Comedy impressionist Joe Longthorne talks to Will Harris
MANY entertainers can claim to have come back from the brink in their careers but none more so than Joe Longthorne.
The comedy impressionist brings his returning touring show to Crewe’s Lyceum theatre on Saturday.
The Hull-born entertainer has battled leukaemia and, in a last ditch attempt to save his life in 2005, underwent a bone marrow transplant that very nearly killed him.
“I can remember lying on a block of ice, in and out of consciousness,” he recalls.
“The priest had read me the last rites four times.”
His surgeon said he didn’t know how Joe managed to pull through.
“It was somewhat of a miracle – perhaps it was to do with the hundreds of fans outside the hospital with their candlelit vigil,” he says.
That fan base had been built through years of entertaining audiences all over the world with his fantastic repertoire of voices.
“When I was six, I came first in a talent show and my prize was a huge toy motor car,” he said. “I think I decided then that show business was for me.”
At 14, Joe was given the chance to hone his performance skills on Yorkshire Television’s popular Junior Showtime and remained with the show for more than two years.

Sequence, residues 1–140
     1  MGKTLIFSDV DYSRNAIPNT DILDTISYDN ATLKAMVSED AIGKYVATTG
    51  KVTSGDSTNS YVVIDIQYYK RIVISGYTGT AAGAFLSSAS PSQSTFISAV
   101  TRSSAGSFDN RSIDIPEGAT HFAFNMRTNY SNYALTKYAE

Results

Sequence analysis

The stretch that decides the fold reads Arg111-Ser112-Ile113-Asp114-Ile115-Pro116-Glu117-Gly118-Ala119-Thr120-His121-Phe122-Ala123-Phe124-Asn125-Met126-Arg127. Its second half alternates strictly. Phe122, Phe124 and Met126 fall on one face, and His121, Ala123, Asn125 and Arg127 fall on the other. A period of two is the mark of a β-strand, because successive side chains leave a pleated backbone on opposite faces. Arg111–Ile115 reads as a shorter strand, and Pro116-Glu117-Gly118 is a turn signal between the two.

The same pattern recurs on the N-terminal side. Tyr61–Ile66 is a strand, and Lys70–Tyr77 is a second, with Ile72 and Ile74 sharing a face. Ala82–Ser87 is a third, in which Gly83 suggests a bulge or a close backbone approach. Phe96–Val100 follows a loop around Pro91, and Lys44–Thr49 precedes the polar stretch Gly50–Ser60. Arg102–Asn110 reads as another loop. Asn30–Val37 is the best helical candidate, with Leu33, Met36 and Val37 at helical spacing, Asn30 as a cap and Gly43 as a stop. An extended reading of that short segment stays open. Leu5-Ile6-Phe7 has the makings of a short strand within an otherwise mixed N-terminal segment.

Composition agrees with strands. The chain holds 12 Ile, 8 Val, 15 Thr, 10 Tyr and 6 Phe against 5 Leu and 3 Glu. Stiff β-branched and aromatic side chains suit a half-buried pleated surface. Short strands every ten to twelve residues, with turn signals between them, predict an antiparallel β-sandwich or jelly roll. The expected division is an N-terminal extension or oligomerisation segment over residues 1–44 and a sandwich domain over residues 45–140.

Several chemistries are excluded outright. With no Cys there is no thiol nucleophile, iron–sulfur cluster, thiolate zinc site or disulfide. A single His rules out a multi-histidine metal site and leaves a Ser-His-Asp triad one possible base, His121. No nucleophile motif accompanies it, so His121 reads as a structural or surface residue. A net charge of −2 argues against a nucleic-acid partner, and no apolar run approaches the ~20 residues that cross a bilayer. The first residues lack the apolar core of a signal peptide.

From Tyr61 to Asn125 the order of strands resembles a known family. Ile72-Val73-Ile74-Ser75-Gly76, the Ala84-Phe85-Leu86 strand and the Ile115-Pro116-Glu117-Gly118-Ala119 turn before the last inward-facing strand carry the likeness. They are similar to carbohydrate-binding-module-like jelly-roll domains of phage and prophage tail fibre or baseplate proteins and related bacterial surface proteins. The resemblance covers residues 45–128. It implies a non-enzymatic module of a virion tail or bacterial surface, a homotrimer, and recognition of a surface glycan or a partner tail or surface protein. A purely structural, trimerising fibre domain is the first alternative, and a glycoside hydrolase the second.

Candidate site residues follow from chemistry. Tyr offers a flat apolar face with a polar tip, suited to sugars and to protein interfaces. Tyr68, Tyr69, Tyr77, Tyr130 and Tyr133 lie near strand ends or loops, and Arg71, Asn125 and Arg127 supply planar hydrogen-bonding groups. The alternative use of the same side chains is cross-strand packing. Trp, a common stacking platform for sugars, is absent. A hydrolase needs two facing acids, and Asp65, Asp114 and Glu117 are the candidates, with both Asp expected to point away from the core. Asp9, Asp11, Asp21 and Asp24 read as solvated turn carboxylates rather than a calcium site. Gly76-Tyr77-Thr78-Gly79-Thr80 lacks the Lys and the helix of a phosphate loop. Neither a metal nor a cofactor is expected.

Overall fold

“I loved that show,” he says. “I then turned professional and set about earning a living for myself in the northern working men’s clubs. It was a tough training ground but an essential apprenticeship for any entertainer.”
It was through the London Weekend series Search For A Star in 1981 that Joe was first launched to the British public and his success on the show led to appearances at the London Palladium and a month-long season at London’s Talk Of The Town.
His repertoire of voices includes hundreds of the world’s top singers.
But he is perhaps best known for his impersonation of Shirley Bassey, who has said: “Joe can do me better than I can do myself.”
During his career, Joe has received gold and platinum discs for his albums and enjoyed sell-out concerts at the Royal Albert Hall, as well as touring Australia several times.
His working life was going from strength to strength until in 1989, at the pinnacle of his career, he was diagnosed with lymphoma.
“Cancer is not a word you expect to hear when things are going so well,” he said.
“I felt invincible and suddenly out of the blue I felt helpless. I had two choices; to give in or fight. I chose the latter. I got up, dusted myself off and got on with life.”
Following his life-saving bone marrow transplant, Joe edged his way back to recovery, returning to the stage with a sell-out show at the London Palladium in 2006. Finally cured of his 17-year illness, he had a new lease of life and in 2007 was awarded the Variety Club’s Lifetime Achievement Award.
Healthy and happy, Joe’s new show is a testament to his talents and fighting spirit.
The show starts in Crewe at 7.30pm and tickets are £20. To book, phone the box office on 01270 537333 or visit www.lyceumtheatre.net.